proached the Judges' stand he was
rapidly talking and gesticulating. As
he camte by me he said that he had ir
refragable proof that this was to be a
jockey race, that Grayhound was seen
in the wheat field the night before,
which disqualified him for the race,
and that his rider was to receive $500
to throw it. off, and ", by the eternal
God" he would shoot the first man
who brought his horse upon the track;
that the people's money should not be
stolen from them in this manner. He
talked incessantly, while the spittle
rolled from his mouth and the fire from
his eyes. I have seen bears and wolves
put at bay, but he was certainly the
most ferocious looking animal that I
had ever seen. His appearance and
manner struck terror into the hearts of
20,000 people. If they felt as I did,
every one expected to be slain. He an
nounced to the parties if they wanted
some lead in their hides to first bring
their horses on the track, "a by the
eternal " he would kill the first man
that attempted to do so. There was no
response to this challenge, and, after
waiting some time and they failing to
appear. General Jackson said it was a
great mistake in the opinion of some,
that he acted hastily, without considera
tion. lie would give thescoundrels a fair
trial, and to that end he would consti
tute a court to investigate this matter,
who would hear the proof and do jus
tice to all parties. Thereupon he ap
pointed a sheriff to keep order and five
judges to hear the case. Proclamation
was made that the court was open and
was ready to proceed to business, and
for the parties to appear and defend
themselves. No one appearing, Gene
ral Jackson introduced the witness,
proving the bribery of Grayhound's
rider, who was to receive $500 to throw
off the race, having received $250 in
advance, and that Grayhound had been
turned into the wheat field the night
before. Ile again called on the parties
to appear and contradict this proof and
vindicate their innocence. They fail
ing to appear, General Jackson told the
court that the proof was closed, and
for them to render their judgment in
the premises, which, in a few mo
ments, was done in accordance with
the facts proved. I was still on the
fence forming one line of the large
pound containing the property bet on
the race. Each man was anxious to
get back his property. General Jack
son waved his hand and announced the
decision, and said: " Now, gentle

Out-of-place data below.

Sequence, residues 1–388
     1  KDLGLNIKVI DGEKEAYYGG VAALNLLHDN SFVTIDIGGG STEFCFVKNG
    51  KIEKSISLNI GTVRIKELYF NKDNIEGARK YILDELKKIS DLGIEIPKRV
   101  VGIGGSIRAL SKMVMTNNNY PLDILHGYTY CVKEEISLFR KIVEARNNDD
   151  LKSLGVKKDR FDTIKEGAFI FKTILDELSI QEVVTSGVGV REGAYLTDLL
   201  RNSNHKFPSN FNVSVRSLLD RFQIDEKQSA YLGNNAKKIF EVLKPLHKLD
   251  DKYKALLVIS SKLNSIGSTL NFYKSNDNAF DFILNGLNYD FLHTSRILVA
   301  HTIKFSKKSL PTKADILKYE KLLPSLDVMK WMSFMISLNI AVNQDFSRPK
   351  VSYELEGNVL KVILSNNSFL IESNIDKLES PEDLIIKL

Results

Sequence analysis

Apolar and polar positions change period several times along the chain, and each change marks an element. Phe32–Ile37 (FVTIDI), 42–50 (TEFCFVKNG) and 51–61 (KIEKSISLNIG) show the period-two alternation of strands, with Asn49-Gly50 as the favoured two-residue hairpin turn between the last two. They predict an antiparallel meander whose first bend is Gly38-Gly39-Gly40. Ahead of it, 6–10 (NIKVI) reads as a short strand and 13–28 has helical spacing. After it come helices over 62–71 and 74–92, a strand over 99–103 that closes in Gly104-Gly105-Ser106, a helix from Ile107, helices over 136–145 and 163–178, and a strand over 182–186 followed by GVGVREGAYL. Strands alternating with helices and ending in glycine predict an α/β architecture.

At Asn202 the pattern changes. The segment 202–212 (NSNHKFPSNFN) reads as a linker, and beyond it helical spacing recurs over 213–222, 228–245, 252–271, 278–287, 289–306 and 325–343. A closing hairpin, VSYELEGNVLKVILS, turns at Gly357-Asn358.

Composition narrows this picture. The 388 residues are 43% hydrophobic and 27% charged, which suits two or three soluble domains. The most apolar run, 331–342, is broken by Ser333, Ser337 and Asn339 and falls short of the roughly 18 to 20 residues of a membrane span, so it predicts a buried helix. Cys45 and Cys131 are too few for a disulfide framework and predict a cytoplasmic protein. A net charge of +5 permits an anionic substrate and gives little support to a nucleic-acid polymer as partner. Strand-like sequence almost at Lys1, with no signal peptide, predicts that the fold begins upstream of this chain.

men, go calmly and in order, and each
man take his own property." When
the word was given the people came
with a rush. It was more terrible than
an army with banners. They came
bulging against the fence, and, in the
struggle to get over, they knocked It
down for hundreds of yards. I was
overturned and nearly trampled to
death. Each man got his property,
and thus the fraudulent race was brok
en up by an exhibition of the most ex
traordinary courage. IHe did that day
what it would have required 2,000
armed men to have effected. All this
was effected by the presence and action
of one man, and without the drawing
of one drop of blood. A certain know
Iedge that in one event streams of blood
woul lhave flowed to efflect this great
and worthy object.
•IEXICAN VETERIIANS.
As there are a great rumhber of per
sons interesited in pensiolan claims, we
,ropose to call attention to certain
points which may be of service to such
I~ersons. The hill granting ipensions to
MIexican soldiers will soon become a
law, and almost every soldier thinks
he can fix up, iis papers without any
trotlllc, but when hae is calhled aon ly
lhec di,.arl aigant If, ilt- '.rrtain rusqjair
ments, he will find it to be a very
difficult task with all, and with some
an impossibility to effect this end. We
throw out the following hints for the
benefit of the soldier or for his surviv
ing widow: you must prove up clearly
where you enlisted, when you enlisted,
give the name of the officers of your
company, the name of the regiment
to which your company was attached,
the name of the colonel of the regiment
to which your company was attached
and where you were mustered into
service and when mustered and paid
off. Then you must be enabled to
prove that you are the identical person
who enlisted as set forth in your appli
cation. The Mexican war closed in
1847, thirty-one years ago, and you
will find it no easy task to find wit
nesses now living to prove all these
points. There is not a single colonel
of Louisiana troops who served in
Mexico now living, and of the com
pany to which the writer was attached
he has not been able to find one soldier
now living after a search of four years.
--.Th,.. . "cillc GazetCe.
TIIE PENALTY OF RICHES.
Mrs. A. T. Stewart's beneficent gen